In 2010, when Democrats agreed to a temporary reduction to the Social Security payroll tax withholding, in order to provide a stimulus to the economy, we made a devil's bargain that we should now renounce and correct. There is no doubt that this stimulus plan works by putting an extra $1,000 a year into the pockets of the average household. But, as the AARP points out, it would be better to achieve this stimulation with larger cuts to the income tax rate beyond the Bush levels rather than jeopardize the psychological connection people have with the direct, continuous funding of the Social Security Trust Fund. An additional advantage is that this approach may substantially improve our BATNA, or best alternative to a negotiated outcome, as an alternative to a "grand bargain."
The plan the Obama administration presented to House Republicans last week called for the continuation of the payroll tax cut or a replacement by a tax cut of similar size and design. The White House is attempting to navigate a potentially tricky political situation of its own. Some progressive members of the Democratic Party, as well as groups lobbying for seniors, have called for the payroll tax cut to expire, out of concern that its continuation would deplete or endanger the Social Security trust fund.
AARP, the powerful lobbying group for seniors that has loudly opposed continuing the cut past this year, reacted to the White House offer by praising the notion of an alternative to the holiday.
“AARP still believes that further extension of the payroll tax holiday would undermine confidence in Social Security and put at risk the program’s dedicated funding stream," AARP’s Cristina Martin Firvida said in a statement. "If a consensus emerges that the economy would benefit from continued tax relief to workers, that goal can certainly be achieved through alternative means other than a reduction in Social Security’s dedicated funding stream."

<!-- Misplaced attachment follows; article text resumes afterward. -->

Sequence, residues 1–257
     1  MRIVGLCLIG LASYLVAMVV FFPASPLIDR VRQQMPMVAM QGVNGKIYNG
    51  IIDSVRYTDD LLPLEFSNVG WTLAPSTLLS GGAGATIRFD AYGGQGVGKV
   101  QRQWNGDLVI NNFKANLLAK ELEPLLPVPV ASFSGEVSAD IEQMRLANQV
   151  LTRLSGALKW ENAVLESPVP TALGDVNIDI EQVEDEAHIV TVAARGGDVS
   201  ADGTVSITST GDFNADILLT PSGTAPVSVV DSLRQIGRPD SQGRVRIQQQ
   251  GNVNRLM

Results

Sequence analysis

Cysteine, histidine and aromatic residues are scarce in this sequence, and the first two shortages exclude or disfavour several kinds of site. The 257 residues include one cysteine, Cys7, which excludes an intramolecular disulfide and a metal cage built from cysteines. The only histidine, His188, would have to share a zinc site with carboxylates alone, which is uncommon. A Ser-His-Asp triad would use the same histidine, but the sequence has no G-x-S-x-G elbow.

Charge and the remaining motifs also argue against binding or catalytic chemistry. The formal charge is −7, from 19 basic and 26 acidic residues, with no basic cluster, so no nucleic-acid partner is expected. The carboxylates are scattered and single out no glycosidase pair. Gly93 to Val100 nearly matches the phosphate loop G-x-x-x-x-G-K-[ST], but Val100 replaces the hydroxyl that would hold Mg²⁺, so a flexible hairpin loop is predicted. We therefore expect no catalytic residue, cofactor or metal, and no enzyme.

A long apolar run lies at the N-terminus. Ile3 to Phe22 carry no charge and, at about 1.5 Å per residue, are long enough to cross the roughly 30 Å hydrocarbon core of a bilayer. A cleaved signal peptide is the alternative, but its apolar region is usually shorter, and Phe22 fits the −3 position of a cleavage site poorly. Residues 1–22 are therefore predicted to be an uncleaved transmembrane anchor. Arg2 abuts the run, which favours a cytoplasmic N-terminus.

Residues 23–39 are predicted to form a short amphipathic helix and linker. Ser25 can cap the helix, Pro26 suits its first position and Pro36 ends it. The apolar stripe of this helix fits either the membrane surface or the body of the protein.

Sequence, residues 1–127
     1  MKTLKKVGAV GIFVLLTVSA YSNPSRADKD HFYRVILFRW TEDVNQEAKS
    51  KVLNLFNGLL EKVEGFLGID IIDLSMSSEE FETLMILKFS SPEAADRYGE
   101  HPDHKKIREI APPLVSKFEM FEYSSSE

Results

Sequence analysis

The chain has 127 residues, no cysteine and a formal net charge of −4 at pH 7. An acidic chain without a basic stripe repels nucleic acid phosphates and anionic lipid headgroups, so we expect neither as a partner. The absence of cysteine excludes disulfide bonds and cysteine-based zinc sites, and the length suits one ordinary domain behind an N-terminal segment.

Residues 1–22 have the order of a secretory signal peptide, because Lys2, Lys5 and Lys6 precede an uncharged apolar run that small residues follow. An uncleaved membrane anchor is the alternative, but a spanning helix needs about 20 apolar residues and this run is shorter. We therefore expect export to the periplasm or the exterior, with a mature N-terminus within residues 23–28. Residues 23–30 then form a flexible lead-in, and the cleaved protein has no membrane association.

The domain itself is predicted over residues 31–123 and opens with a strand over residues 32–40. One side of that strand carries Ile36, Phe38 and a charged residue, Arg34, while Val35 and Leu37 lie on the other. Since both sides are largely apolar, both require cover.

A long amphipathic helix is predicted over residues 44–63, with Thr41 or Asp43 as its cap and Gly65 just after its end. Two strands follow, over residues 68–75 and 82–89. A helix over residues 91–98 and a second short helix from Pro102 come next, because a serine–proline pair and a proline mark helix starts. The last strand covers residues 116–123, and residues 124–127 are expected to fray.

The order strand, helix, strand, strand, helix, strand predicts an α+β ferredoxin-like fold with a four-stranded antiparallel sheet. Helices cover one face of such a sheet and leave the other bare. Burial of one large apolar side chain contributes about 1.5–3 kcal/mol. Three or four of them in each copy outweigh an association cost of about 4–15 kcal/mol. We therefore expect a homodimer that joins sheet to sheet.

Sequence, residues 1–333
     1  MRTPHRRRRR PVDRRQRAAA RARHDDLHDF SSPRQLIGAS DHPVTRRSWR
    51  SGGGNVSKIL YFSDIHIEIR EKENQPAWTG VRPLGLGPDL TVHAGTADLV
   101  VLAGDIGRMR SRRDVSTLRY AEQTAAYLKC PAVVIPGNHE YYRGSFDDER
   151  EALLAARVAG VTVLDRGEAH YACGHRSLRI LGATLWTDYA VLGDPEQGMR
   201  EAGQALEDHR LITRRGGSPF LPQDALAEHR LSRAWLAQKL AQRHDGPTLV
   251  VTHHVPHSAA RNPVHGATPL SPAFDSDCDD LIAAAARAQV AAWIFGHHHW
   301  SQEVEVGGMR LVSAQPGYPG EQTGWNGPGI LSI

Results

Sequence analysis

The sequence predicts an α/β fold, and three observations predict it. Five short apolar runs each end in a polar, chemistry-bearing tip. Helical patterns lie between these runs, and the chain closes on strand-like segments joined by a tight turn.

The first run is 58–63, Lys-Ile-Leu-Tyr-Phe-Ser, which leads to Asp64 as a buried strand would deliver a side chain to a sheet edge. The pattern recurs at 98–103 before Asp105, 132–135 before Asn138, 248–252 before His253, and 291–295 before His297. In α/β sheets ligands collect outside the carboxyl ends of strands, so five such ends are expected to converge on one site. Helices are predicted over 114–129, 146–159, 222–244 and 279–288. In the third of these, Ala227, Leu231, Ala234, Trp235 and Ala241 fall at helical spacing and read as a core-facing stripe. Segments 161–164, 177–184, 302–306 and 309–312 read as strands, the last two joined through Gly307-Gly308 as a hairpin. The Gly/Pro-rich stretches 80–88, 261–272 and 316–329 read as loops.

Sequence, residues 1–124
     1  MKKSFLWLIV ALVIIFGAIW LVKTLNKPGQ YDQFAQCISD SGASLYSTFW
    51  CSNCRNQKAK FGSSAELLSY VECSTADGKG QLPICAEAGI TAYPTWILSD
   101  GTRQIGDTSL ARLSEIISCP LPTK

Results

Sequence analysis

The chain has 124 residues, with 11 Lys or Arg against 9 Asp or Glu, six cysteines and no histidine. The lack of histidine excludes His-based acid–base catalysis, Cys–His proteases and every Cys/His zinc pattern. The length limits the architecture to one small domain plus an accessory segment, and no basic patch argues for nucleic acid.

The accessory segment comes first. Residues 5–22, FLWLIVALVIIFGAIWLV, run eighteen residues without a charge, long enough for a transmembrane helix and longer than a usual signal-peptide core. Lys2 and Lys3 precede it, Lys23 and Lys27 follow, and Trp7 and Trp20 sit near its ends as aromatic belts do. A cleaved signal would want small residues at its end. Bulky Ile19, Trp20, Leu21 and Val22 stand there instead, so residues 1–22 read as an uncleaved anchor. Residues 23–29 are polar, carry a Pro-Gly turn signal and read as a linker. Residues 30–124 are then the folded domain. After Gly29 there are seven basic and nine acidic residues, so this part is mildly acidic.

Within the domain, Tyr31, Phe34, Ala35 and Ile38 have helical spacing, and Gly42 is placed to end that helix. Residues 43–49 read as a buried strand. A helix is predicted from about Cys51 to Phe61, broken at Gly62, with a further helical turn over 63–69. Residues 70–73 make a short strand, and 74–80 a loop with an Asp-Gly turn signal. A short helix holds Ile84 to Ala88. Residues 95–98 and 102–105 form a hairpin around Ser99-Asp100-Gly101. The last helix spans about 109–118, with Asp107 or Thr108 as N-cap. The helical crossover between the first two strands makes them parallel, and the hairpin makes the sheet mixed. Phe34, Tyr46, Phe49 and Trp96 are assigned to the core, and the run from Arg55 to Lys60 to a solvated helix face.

And, in a surprising twist, Grover Norquist has said he could accept an expiration of the payroll tax cut provided it is replaced with tax cut of a similar size. Which surprisingly dovetails quite nicely with what I believe may be our best approach. This is the only time ever in my lifetime, Grover Norquist has seemed to be reasonable.
An additional advantage, for the most progressive Democrats, is that this approach appears to improve our BATNA, aka -best alternative to a negotiated outcome, by improving our fallback other "option - strategy" we have for resolving our budget dilemmas, that of "Dealing With the Pieces One at a Time."
Speaker Boehner has announced there is zero chance Congress is going to give up control of the debt ceiling and we also hear reports he is considering allowing us a vote on the middle class tax cuts. Howard Dean suggests the sequestration cuts may be the best possible deal progressive will get but it includes cuts to military spending we will get no place else. Not having to be under the gun to extend payroll tax reductions as a stimulus may free us to build a better strategy around Howard Dean approach with Nancy Pelosi leading the charge on a discharge petition.
If we can either persuade Boehner to take what the GOP is calling their "Doomsday option," or force a discharge petition it will be a completely different and much better ball game.
8:42 AM PT: Please check out these two post I wrote so late last night few may have seen them. The Boehner Doomsday Option one is directly relevant to our BATNA option I discussed here. Thanks - HD